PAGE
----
March 3, 2023

The joy of the Eucharist


“...And they recognized Him in the breaking of the bread…”

Christ is present to us in a unique way in the bread and wine that is his body and blood. We believe that in this sacred meal, the love of God through his son Jesus is made present, and we partake in his body and blood.

Because of this, we recognize the living Christ in each other. In the act of sharing a meal, Jesus is recognized and is seen in the faces of others. This is not an easy teaching to appreciate when we are confronted by the face of Jesus in those who persecute and hate us. Jesus, son of Mary and Joseph and Son of God, was crucified because of his radical teachings. How could it be that they/we would be able to recognize the living Christ in sharing a meal? In the time of Jesus, the meal was considered sacred, yet obviously necessary as a means of sustenance. So how could this be, that Jesus would be present to us in this mysterious way and at the same time in the most common element of human meal-taking: bread?

The Mass exists as a time and place for Catholics to recognize Jesus "in the breaking of the bread." The joy found in this experience is clearly found in the realization that in fact Jesus is fully present to us in the Eucharist, and that we come to see him in the faces of each other.

Isn't it time for us to take these words to heart and celebrate the living Christ in the faces of each other, in the realization that God became one of us so that his love would always be within the reach of us, as close as our spouse, our child, our friend and even our enemy?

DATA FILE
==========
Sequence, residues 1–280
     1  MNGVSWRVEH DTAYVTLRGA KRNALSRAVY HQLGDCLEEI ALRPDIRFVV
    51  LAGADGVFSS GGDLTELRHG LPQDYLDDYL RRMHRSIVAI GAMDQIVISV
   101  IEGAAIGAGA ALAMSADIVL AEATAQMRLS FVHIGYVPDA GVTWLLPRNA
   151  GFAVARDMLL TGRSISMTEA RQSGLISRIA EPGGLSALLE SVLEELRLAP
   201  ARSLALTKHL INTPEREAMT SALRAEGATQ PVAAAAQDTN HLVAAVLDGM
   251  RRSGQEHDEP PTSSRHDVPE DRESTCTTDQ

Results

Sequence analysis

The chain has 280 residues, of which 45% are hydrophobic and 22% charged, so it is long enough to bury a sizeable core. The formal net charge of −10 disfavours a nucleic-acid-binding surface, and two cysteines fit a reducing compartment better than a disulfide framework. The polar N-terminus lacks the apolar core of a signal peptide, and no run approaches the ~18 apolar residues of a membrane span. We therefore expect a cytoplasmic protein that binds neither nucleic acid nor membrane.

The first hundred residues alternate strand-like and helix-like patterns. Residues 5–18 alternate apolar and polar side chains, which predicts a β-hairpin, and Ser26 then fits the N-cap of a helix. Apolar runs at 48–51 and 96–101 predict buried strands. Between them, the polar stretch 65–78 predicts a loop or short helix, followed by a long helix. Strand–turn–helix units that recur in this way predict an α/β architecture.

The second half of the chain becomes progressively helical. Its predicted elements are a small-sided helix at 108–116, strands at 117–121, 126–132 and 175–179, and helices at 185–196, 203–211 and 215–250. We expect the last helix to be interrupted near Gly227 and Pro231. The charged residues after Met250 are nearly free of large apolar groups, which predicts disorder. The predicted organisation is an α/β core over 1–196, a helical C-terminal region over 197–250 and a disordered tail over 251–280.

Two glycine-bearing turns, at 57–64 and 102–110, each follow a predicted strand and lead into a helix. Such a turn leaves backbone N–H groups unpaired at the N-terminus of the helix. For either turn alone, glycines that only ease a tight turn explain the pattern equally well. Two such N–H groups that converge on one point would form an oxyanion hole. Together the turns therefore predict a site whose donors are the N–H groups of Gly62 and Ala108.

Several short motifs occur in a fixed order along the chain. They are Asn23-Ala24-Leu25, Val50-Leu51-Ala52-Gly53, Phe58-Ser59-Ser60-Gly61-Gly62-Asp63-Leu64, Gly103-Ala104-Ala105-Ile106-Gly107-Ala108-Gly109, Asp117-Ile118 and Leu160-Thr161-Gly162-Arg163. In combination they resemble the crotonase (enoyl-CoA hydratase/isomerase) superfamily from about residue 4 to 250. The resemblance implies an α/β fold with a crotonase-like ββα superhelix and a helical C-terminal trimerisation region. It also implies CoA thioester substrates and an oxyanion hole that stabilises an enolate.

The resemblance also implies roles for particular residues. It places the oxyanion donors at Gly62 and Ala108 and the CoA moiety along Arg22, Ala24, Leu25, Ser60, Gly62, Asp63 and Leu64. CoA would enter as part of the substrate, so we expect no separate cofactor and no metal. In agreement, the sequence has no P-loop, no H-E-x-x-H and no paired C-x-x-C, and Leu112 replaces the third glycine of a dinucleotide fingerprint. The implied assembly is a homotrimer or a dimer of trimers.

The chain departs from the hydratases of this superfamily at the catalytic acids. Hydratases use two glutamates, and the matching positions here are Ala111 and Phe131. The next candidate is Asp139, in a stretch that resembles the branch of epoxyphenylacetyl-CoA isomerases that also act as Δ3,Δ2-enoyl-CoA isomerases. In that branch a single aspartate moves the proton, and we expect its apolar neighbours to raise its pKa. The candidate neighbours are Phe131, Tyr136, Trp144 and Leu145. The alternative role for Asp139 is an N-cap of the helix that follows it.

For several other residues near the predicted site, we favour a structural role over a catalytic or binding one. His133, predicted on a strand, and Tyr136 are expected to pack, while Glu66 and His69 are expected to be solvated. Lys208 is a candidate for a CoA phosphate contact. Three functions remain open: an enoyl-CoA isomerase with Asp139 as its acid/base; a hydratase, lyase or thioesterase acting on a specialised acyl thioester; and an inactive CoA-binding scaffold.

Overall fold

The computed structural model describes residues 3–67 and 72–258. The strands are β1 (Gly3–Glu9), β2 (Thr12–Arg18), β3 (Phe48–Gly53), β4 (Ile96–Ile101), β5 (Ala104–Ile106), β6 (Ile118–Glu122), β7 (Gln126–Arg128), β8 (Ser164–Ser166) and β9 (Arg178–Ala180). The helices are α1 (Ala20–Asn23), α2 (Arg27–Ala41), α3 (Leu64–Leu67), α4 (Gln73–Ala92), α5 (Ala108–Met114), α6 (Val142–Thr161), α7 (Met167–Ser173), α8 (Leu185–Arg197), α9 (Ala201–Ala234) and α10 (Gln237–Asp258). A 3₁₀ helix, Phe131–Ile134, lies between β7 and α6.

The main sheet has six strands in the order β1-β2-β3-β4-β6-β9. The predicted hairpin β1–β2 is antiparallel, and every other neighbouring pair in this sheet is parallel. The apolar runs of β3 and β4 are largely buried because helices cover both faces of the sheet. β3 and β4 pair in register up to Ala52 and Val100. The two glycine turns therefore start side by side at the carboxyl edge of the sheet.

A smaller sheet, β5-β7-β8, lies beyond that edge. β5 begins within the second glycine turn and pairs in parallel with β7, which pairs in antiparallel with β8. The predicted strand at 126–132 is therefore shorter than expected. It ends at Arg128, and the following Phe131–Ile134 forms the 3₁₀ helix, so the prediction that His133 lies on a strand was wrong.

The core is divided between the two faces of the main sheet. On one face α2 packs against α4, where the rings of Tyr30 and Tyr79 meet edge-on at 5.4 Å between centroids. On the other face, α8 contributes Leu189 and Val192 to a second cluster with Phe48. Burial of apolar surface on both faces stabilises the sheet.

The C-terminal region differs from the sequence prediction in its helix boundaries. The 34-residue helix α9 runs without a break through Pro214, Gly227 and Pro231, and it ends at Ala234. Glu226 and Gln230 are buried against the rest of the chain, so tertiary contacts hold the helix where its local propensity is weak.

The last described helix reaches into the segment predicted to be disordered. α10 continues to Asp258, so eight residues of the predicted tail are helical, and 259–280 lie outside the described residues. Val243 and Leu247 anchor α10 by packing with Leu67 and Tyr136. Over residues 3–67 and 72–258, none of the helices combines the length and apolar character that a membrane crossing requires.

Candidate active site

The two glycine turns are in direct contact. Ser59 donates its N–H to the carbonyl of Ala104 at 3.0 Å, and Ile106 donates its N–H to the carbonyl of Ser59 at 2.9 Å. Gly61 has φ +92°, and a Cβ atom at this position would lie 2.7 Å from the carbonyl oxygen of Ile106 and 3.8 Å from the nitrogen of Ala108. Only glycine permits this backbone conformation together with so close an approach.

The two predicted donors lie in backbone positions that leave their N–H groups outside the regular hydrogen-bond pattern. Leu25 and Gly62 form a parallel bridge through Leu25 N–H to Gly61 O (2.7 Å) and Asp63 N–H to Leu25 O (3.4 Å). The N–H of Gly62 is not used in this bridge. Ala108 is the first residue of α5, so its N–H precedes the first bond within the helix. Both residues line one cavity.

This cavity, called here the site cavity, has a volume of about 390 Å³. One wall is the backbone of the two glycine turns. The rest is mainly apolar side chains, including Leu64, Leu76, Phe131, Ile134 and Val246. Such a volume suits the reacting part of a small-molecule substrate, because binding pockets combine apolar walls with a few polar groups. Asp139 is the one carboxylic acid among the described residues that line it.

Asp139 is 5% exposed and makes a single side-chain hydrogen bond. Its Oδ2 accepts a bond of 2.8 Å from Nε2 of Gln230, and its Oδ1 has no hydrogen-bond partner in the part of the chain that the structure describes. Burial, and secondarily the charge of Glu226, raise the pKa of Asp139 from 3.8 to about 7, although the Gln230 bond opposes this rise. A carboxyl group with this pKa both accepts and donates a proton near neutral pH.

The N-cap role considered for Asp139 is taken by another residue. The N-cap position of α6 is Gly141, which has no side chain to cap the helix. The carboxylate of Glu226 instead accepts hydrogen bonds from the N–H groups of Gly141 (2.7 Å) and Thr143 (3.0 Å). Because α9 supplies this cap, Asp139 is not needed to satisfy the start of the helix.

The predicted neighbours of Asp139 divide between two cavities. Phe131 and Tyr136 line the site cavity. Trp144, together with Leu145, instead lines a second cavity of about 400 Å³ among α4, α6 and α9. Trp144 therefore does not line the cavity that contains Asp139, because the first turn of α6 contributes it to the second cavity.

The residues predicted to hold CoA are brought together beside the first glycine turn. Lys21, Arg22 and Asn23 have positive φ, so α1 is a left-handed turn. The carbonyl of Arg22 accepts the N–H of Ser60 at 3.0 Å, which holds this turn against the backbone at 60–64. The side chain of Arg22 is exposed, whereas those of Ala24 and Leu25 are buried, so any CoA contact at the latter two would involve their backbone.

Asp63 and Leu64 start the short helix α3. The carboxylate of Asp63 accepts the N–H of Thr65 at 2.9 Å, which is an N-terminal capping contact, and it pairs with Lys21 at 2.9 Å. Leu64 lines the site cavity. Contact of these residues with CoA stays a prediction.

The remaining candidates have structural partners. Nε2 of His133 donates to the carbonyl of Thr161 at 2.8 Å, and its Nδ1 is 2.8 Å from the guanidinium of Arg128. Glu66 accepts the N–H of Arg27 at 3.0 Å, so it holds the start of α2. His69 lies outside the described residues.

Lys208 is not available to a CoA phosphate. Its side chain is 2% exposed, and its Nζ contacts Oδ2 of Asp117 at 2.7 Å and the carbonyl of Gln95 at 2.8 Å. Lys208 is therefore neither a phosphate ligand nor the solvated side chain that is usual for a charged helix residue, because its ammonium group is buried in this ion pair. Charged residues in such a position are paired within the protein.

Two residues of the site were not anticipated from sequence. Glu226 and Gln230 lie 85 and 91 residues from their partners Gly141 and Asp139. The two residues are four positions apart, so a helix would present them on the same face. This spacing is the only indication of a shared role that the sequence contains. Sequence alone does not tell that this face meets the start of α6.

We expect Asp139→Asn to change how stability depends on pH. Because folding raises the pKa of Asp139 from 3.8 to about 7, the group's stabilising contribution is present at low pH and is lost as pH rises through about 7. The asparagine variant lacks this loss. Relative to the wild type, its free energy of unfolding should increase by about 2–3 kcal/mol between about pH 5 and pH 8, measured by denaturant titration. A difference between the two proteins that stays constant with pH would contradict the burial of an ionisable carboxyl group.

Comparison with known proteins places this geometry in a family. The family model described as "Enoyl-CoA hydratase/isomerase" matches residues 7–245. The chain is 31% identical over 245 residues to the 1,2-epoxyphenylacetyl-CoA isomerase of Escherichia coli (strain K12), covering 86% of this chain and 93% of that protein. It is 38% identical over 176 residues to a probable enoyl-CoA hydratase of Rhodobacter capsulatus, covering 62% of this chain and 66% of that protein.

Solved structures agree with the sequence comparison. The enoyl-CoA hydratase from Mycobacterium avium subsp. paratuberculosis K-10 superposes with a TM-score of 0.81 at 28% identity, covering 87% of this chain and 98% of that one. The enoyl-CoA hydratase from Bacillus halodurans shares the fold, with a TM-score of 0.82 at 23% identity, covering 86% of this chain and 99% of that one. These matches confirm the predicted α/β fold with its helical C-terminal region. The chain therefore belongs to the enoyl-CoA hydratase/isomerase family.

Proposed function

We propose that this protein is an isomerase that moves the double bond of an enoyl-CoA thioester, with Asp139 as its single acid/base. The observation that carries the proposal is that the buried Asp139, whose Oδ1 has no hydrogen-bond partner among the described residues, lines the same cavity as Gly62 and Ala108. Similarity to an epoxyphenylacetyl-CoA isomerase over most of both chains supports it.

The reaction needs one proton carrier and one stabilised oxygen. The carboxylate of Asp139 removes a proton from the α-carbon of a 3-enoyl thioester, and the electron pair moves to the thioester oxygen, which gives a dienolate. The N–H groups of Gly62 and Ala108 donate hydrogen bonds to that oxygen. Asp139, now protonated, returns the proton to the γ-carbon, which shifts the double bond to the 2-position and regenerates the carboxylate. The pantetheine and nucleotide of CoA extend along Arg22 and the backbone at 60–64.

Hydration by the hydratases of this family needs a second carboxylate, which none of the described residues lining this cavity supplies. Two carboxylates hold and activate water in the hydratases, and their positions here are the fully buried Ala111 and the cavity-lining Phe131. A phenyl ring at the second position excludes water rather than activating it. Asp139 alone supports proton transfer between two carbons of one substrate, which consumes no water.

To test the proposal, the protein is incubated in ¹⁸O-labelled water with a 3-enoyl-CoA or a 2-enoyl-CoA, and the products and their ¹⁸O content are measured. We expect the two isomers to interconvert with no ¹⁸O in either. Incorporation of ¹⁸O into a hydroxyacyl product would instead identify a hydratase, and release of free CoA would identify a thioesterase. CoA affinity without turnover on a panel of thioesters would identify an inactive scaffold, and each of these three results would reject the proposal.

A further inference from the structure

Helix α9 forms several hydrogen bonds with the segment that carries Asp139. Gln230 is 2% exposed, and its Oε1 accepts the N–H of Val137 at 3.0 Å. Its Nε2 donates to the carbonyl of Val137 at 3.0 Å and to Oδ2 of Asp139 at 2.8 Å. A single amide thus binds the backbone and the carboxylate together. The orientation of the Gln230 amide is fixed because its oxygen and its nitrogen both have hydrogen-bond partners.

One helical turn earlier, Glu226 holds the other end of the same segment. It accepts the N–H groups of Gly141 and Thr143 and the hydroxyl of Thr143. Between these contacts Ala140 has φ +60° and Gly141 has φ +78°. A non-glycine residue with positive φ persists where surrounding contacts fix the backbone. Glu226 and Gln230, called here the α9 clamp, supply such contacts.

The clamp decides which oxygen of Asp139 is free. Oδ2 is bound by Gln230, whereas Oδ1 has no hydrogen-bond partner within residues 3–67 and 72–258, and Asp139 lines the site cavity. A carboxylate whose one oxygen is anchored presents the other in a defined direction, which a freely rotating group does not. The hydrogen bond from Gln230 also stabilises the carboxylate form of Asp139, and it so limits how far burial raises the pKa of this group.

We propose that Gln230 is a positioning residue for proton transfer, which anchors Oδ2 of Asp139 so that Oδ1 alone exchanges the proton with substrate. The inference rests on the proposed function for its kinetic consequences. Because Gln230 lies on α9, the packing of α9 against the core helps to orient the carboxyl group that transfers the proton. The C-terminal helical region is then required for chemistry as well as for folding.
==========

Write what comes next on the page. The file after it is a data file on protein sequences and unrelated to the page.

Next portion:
The Church teaches that at Mass we meet Jesus in a profound way in the Word, in the Eucharist and in each other. 

There is no greater joy than to have this full, conscious, active participation in the liturgy, as it uniquely has the power to fill our lives with a joy that has no bounds and is not measured in the world view of happiness and satisfaction. So much of this, though, is dependent on the way in which we celebrate the Eucharist, in our willingness to desire to see Christ alive and not hidden away from our eyes. Even though Jesus was present to those who broke the bread, is it still true that we are able to see Christ when we break bread together?

Jesus offers us this opportunity each time we gather in his name. It is our willingness to let Christ be visible to us in the faces of those who are in our lives, as well as all in this world. This is our greatest challenge, but our most beautiful and wonderful gift, that in the act of breaking bread we come to know our greatest joy, ours for the taking.

The word "joy" is different from the word "happiness." In our world, we confuse these words often, as we want to find happiness in all that the world offers us: "If only I could win the lottery, then I would be happy.” We easily look to money and power as a means of earthly happiness. Sadly, even though it appears that these goals are what we should pursue, their joy is short-lived and not what can ever sustain us!